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So I have a table of user favorites. There's a few million rows of them.

Currently, they have only three columns: id(pk),userId and someFkRef. There's an index on userId to allow me to select a user's favorites quickly.

Currently these are ordered by id which is effectively just the insert order. We'd like to offer the user a chance to re-order their favorites, most likely via some sort of drag and drop interaction.

My first (and I suspect naive) approach to this would be to simply add an order column and a composite index over userId,order. However, upon reflection, when the user moves their item some distance over the list, all intermediate rows between the item's start position and end position will need their order column recalculated and therefore, the index too.

This is (most likely) bad.

Before I spend ages trying to quantify exactly how bad, I'm wondering if there's a better table-based representation that is cheaper to manipulate with the kinds of operations I describe above.

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I'm not convince you need to index the new field. –  Dan Bracuk Feb 27 '13 at 17:22
    
Generally, order by ops require an index, no? –  spender Feb 27 '13 at 17:23
    
@spender Require no, but if your table rows are large and you're getting a large result set, sort using an index may generate quite a bit less I/O. –  Joachim Isaksson Feb 27 '13 at 17:25

3 Answers 3

For a drag and drop interaction, the better bet is a priority. You would start with the priorities being 1, 2, 3, and so on, just like a sort order.

But then, the user wants to move item 5 between 1 and 2. Voila! Give it the value of 1.5. No other values need to change. The index update takes care of the rest.

For this to work, the priority needs to be stored as a floating point number. That might be an issue. Also, a sufficiently large number of changes could result in pushing the limits of floating point. So, if a user tries to take the last element and insert it between the first two, s/he can get away with it about 1000 times or so.

You can fix this with a process that periodically reassigns number for one (or all users, if in batch) starting at 1.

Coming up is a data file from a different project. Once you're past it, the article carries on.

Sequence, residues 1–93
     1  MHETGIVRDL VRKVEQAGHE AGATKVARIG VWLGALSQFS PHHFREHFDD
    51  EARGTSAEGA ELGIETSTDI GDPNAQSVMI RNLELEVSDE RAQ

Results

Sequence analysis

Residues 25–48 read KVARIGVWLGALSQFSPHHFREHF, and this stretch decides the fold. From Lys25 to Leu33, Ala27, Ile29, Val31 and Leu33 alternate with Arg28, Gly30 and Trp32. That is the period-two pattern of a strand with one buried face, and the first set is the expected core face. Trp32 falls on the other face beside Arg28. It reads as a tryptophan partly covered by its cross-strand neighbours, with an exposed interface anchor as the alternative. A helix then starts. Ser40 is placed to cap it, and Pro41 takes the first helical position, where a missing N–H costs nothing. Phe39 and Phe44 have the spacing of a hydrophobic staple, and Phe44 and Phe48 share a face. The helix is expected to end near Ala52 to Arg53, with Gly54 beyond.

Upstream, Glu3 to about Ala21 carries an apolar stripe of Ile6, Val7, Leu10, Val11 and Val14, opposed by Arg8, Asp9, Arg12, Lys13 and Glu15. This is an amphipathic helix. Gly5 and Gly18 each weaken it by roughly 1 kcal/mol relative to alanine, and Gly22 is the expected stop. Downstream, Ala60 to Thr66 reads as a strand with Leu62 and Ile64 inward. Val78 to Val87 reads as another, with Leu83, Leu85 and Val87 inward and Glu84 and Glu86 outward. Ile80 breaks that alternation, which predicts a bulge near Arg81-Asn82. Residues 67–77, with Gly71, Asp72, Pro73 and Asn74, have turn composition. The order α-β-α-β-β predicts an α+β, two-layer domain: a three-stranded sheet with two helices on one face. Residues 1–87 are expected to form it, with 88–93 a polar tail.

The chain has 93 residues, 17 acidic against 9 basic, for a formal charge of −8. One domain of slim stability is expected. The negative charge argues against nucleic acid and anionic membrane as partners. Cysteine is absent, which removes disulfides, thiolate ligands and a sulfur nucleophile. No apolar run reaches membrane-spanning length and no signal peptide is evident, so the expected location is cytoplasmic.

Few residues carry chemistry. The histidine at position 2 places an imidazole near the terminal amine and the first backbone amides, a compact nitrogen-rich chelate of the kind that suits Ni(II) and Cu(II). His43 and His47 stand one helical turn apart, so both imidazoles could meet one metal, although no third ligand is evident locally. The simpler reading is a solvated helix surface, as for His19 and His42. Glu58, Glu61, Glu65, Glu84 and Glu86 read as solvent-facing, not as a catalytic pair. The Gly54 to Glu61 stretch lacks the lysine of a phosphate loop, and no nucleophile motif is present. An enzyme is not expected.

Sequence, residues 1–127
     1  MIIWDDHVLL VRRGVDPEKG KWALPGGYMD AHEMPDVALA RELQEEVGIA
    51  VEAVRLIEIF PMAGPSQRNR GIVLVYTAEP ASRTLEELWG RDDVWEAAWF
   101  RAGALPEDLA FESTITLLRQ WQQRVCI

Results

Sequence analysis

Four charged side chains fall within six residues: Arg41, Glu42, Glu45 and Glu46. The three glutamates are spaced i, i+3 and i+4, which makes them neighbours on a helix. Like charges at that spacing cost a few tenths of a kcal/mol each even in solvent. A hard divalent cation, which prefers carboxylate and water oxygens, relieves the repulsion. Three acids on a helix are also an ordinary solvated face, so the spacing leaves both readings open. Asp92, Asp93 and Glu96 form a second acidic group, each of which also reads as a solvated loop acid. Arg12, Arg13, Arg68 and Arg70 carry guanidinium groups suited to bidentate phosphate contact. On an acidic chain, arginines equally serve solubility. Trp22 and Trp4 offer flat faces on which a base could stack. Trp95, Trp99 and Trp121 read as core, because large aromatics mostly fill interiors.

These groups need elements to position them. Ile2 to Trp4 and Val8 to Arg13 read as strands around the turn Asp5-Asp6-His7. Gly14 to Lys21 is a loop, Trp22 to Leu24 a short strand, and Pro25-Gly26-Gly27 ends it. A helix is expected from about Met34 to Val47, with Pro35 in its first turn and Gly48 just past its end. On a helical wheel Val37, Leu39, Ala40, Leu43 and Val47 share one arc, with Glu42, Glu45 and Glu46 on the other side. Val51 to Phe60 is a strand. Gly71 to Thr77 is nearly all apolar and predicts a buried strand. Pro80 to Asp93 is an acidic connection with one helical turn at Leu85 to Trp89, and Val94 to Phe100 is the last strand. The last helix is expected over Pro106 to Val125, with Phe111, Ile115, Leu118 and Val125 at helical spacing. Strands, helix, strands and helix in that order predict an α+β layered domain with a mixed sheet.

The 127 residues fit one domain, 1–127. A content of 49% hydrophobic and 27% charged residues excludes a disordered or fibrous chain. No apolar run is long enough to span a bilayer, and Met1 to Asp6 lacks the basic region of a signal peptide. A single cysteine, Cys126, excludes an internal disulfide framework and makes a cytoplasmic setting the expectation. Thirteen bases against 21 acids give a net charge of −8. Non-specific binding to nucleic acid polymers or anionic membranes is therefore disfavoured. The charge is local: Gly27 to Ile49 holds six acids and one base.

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This is also a valuable approach. But you still need to have an index on the column someFkRef, so it will still be a bit consuming is the table is VERY large. –  Samuel EUSTACHI Feb 27 '13 at 17:26

If you don't need to be able to manipulate someFkRef across users (for instance, getting the list of users interested in something), then you could have only one record per user, with an ordered list of someFkRef (refA, refB).

But it's a form of de-normalization, and as it has some drawbacks, it really depends on your needs (and your future needs, that is where comes the trouble)

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Not sure what your dependent references might be to the ID field, but have you thought about over-writing it? I think there is a SET IDENTITY INSERT = ON, or some such that you can do.

I realize this is an odd thing to suggest, but considering what you're trying to do, it might make sense, adn cause the least amount of overhead.

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@Joachim -- Renumber recordcount = 2 -- the donor and the recipient records only. Reindex is indeterminant -- presumably he's got some padding built-in, and with millions of records, is probably re-indexing off-peak. –  宮本 武蔵 Feb 27 '13 at 17:39

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